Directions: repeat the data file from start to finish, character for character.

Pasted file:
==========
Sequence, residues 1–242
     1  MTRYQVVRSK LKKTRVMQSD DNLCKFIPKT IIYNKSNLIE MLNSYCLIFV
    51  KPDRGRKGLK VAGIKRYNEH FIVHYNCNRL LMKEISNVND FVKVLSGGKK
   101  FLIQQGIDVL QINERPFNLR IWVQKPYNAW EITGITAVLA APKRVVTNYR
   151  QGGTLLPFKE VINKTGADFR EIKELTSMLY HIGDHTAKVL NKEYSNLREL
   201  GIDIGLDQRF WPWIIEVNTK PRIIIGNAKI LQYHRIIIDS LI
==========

Sequence, residues 1–242
     1  MTRYQVVRSK LKKTRVMQSD DNLCKFIPKT IIYNKSNLIE MLNSYCLIFV
    51  KPDRGRKGLK VAGIKRYNEH FIVHYNCNRL LMKEISNVND FVKVLSGGKK
   101  FLIQQGIDVL QINERPFNLR IWVQKPYNAW EITGITAVLA APKRVVTNYR
   151  QGGTLLPFKE VINKTGADFR EIKELTSMLY HIGDHTAKVL NKEYSNLREL
   201  GIDIGLDQRF WPWIIEVNTK PRIIIGNAKI LQYHRIIIDS LI